cover image This Could Have Become Ramayan Chamar’s Tale: Two Anti-Novels

This Could Have Become Ramayan Chamar’s Tale: Two Anti-Novels

Subimal Misra, trans. from the Bengali by V. Ramaswamy. Open Letter, $15.95 trade paper (296p) ISBN 978-1-948830-15-7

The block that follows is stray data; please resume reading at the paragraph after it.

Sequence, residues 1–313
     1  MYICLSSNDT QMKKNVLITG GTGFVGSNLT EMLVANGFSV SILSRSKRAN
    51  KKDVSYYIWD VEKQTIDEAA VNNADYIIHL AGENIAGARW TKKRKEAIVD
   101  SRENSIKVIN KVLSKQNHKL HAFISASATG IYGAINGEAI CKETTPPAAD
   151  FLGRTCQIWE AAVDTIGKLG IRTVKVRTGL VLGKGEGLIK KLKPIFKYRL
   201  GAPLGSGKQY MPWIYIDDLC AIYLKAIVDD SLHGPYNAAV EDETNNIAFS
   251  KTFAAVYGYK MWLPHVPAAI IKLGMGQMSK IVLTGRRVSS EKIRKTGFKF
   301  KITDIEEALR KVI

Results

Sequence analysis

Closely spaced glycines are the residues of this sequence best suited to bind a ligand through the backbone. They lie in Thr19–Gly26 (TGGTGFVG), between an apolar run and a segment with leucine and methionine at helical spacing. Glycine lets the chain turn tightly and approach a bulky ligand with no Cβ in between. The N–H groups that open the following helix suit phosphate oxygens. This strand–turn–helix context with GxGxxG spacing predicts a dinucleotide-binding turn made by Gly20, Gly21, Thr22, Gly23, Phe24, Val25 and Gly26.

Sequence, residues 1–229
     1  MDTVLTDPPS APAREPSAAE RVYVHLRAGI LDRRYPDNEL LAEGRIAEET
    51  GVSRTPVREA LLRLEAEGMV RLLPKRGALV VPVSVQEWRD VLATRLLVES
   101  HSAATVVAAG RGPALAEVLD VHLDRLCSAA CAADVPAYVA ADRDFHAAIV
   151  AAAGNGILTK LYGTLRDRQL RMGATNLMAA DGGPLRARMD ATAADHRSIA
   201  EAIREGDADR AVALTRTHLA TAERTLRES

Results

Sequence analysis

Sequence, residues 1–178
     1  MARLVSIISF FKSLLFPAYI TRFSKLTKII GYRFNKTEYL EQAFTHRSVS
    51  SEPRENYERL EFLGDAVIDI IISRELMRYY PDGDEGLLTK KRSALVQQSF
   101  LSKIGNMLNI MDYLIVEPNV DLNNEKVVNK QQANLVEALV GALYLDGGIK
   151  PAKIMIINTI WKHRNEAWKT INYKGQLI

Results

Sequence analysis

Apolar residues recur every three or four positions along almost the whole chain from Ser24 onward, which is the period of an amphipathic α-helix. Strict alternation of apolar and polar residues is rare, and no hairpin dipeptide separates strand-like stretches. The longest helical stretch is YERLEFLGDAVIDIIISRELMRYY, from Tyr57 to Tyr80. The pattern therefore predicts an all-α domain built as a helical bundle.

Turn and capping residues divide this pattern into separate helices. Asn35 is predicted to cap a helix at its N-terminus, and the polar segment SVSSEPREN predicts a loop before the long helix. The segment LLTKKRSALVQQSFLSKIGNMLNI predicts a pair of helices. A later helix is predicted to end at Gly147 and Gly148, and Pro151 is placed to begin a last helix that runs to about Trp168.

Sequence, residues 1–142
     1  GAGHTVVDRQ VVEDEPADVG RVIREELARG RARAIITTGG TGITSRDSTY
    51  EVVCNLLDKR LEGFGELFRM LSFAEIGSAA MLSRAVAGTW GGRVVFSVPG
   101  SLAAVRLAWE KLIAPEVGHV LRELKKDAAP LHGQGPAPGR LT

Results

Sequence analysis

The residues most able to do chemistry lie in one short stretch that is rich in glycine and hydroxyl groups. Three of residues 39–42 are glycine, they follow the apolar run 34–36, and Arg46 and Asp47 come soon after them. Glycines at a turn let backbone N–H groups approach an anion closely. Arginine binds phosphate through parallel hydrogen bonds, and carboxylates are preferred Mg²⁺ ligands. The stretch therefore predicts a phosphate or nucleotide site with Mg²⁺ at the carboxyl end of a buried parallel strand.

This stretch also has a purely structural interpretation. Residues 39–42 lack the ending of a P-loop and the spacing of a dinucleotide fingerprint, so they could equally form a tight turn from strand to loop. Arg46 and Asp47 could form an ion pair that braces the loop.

In two parts, Bengali author Misra’s challenging, inventive English-language debut strings together a series of images that lay bare the deprivations of the underclasses in early 1980s Kolkata, and opens with a manifesto against the “bougesoie humanism” of conventional literature. In the first part, the police kill Ramayan Chamar following his involvement in a communist uprising on a tea plantation. Ramayan’s story is repeatedly interrupted by a swirl of unconnected, tragic vignettes: Malati, a 12-year-old girl, languishes for six years in jail following an arrest for scavenging food from the garbage, and police impassively watch a gang chase a half-naked woman through the city. In the more abstract second part, a husband renounces his wife after she teases him for his mispronunciations; a young man begs for a job; and, in a scathing, almost farcical critique of India’s health care system, a man dies in a hospital due to negligence and lack of supplies. Misra intrudes on the text in asides, defending his impressionistic, fractured style (“the story has to convey many-more-things besides the story”), and makes exciting use of techniques inspired by filmmaking, from zooming into text on a page to accentuating a prominent character by describing him through a low-angle-shot. This dense, politically charged text is a fine achievement in experimental fiction. (July)